It is inevitable that, in any hypothetical conflict, innumerable variables of motive, action, reaction, and nuance are lost. Nonetheless, Jane’s case exemplifies foundational aspects to conflict, and consequently to conflict resolution. On one level, there is the essential element of the mediator or third party, who may investigate with no bias or interests at stake beyond achieving resolution. Then, there is the important factor of how conflict frequently escalates from a single and unaddressed cause, and that the escalation actually serves to further obfuscate this cause. Most crucially, the example illustrates that nothing is more vital to conflict resolution than information, and how information may often be accessible in forms both direct and oblique, ranging from a manager’s pragmatic performance analysis to an employee’s defiant silence.
Conflict, and on multiple levels, is as evident within organizations as it is within personal relationships, and frequently for the same reasons. With few exceptions, it is a desirable state of being for no one, yet the participants often actively foster what they themselves find disagreeable. This occurs through misunderstandings, failures to properly communicate, as well as to reactions to unjust or unreasonable actions or policies. The latter causes are, all things considered, more easily remedied. It is in the vast realm of communication issues that the challenges in conflict reside, and these may only be effectively addressed through better communication itself, both enhanced by deeper knowledge of the circumstances and orchestrated through a mediator. Ultimately, while conflict inherently hampers and creates adverse feelings and conditions, commitments to resolving it which rely on true communication not only eliminate the conflict, but enable more harmonious conditions for all.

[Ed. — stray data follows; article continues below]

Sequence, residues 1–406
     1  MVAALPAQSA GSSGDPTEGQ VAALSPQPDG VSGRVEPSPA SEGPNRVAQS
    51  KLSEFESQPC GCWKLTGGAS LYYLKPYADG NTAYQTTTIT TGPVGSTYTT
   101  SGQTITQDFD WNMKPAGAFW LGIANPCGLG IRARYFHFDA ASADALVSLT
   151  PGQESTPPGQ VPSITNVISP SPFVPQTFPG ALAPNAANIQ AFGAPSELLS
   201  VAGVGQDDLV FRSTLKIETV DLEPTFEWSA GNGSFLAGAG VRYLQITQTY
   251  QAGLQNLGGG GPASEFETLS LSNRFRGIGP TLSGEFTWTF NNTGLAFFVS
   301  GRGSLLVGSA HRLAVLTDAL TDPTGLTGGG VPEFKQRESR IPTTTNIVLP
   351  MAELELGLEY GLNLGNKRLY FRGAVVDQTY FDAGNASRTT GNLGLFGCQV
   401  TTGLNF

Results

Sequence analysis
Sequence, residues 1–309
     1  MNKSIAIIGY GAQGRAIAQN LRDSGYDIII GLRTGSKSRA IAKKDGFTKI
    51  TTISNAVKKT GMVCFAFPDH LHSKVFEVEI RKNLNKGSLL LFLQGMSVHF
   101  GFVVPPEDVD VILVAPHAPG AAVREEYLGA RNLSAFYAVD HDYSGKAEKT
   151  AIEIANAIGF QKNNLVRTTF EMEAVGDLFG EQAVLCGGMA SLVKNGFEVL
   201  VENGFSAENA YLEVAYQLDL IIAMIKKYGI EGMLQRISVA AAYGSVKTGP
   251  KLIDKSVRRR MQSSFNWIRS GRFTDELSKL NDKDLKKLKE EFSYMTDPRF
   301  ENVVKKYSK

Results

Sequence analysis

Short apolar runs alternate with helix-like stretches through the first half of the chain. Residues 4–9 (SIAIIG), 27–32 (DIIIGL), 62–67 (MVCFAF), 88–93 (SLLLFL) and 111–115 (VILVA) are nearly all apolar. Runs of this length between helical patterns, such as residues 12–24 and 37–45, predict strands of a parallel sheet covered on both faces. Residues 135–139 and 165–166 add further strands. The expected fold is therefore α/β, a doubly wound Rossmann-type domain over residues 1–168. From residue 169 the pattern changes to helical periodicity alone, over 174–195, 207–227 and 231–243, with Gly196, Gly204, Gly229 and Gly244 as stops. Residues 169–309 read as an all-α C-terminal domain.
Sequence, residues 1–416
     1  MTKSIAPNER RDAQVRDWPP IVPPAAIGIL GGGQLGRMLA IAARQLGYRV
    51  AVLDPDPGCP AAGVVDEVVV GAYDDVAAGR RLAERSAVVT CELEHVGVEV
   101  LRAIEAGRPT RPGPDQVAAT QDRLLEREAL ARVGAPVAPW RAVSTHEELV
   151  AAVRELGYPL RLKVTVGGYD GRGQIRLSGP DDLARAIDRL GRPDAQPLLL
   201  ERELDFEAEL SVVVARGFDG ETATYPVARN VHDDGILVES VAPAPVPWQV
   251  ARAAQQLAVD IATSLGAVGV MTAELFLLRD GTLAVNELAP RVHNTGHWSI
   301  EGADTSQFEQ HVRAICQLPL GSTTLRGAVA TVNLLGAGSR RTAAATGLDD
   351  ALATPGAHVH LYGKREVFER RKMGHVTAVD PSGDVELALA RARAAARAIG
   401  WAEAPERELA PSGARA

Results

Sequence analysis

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Doherty, M., & Guyler, N. (2008). Essential Guide to Workplace Mediation and Conflict Resolution. Philadelphia: Kogan Page Publishers.
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Morrill, C., & Rudes, D. S. (2010). Conflict Resolution in Organizations. Annual Review of Law and Social Science, 6, 627-651.